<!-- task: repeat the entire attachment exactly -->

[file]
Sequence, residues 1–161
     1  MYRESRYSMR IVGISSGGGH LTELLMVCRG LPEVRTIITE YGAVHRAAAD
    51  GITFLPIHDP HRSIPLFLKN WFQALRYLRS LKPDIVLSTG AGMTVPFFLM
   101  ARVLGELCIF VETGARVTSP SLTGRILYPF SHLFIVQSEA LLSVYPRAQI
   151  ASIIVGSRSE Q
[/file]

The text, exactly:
Sequence, residues 1–161
     1  MYRESRYSMR IVGISSGGGH LTELLMVCRG LPEVRTIITE YGAVHRAAAD
    51  GITFLPIHDP HRSIPLFLKN WFQALRYLRS LKPDIVLSTG AGMTVPFFLM
   101  ARVLGELCIF VETGARVTSP SLTGRILYPF SHLFIVQSEA LLSVYPRAQI
   151  ASIIVGSRSE Q